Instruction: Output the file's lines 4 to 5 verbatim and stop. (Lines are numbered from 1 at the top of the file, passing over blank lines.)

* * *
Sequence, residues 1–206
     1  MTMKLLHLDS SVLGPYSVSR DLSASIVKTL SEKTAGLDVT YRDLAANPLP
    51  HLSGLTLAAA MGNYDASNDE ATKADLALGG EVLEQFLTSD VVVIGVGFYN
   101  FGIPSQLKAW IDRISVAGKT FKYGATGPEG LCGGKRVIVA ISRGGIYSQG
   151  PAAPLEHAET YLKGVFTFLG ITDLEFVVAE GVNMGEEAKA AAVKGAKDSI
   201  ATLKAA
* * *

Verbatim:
   101  FGIPSQLKAW IDRISVAGKT FKYGATGPEG LCGGKRVIVA ISRGGIYSQG
   151  PAAPLEHAET YLKGVFTFLG ITDLEFVVAE GVNMGEEAKA AAVKGAKDSI